True, she's not a lawyer. But you don't absolutely have to be. All the Constitution requires is “good Behaviour.” There are many who believe that not being an attorney would be an advantage when it comes to good behavior.

If you're still suffering, though, from that legal professional hangup, here's another name that is absent from the predictions. She is an attorney, an Ivy Leaguer, minority, very popular and close to Mr. President.

By now you've probably figured out I mean the aforementioned Michelle Obama. While there are clearly a few naysayers who might raise some "separation-of-powers" issues, it's not the first time the first lady has gone on to other high office.

Which brings me to Hillary Clinton. After her "Wife-of" gig, she's gone on to be a senator, secretary of State and might have been president herself if she and her advisers hadn't blown it so badly. While there's no way to ever confuse her as a person of color, let's not forget she's married to the man who used to be called "The First Black President.” At least until his comments in the last election.

Hillary's an attorney, although most of her professional work came as a small-town lawyer. For those who say she wouldn't want to be on the Supreme Court because she might want to make another stab at president, it should be pointed out she could always resign as a justice.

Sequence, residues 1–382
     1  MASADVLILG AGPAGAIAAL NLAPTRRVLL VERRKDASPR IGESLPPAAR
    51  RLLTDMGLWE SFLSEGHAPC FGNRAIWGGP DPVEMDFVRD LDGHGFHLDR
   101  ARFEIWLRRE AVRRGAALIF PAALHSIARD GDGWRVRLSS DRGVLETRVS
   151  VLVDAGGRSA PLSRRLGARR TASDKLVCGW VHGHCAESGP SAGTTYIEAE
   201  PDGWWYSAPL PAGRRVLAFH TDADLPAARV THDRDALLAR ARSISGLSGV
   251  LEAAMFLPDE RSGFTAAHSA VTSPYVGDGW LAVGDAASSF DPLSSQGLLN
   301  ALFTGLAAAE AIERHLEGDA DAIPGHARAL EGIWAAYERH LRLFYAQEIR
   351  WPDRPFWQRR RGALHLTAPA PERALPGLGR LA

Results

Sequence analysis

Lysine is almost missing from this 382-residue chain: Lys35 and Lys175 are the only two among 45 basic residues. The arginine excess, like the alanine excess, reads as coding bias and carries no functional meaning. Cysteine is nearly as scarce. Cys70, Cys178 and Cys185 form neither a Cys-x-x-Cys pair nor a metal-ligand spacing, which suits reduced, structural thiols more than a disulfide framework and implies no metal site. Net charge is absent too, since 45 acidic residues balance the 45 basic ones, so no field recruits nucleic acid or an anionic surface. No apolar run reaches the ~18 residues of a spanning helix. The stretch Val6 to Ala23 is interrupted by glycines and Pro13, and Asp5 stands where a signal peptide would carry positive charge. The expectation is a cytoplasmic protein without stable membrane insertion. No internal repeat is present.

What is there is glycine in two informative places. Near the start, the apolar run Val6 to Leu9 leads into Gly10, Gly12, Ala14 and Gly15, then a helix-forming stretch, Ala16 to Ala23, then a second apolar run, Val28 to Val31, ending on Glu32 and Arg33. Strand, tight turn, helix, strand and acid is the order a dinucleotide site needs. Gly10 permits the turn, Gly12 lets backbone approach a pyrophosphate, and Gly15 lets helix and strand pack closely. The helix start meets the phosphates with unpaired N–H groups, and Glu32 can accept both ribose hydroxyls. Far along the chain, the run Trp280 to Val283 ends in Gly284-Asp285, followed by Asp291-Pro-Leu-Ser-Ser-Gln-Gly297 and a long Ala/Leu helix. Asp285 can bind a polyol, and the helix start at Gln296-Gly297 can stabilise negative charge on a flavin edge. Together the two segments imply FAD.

All three of these women have unique stories, which would definitely mean that the confirmation hearings would be a lot more entertaining than the bombastic same-old-same-olds we've come to expect.

Before you dismiss these names as too far out there, let's not forget that the new member of SCOTUS will be replacing someone whose selection by President Bush the First inspired a nearly universal response: "Who the hell is David Souter?” At least we've heard of these three.

Maybe they could do it part-time. Being an associate justice isn't all that heavy a load. Most of the hard work is done by the paid interns they call "clerks.”

So Oprah could continue the TV show, Michelle could still spend time with Bo and the vegetable garden, and Hillary — maybe she could stay on as secretary of State. She's appointed a bunch of special envoys. They can do the heavy lifting of the world's hotspots while she does the court thing.

As usual, skeptics will belittle each of these possibilities, but all three have one huge advantage. The media would finally pay attention and trivialize the Supreme Court. Maybe next, we could persuade the justices to Twitter their rulings. Imagine the possibilities!

By now, we know that the president has been calling around seeking suggestions on his choice. We don't know whether that's for real or whether he's already made up his mind and is simply being polite. I can tell you that he hasn't called me. Yet.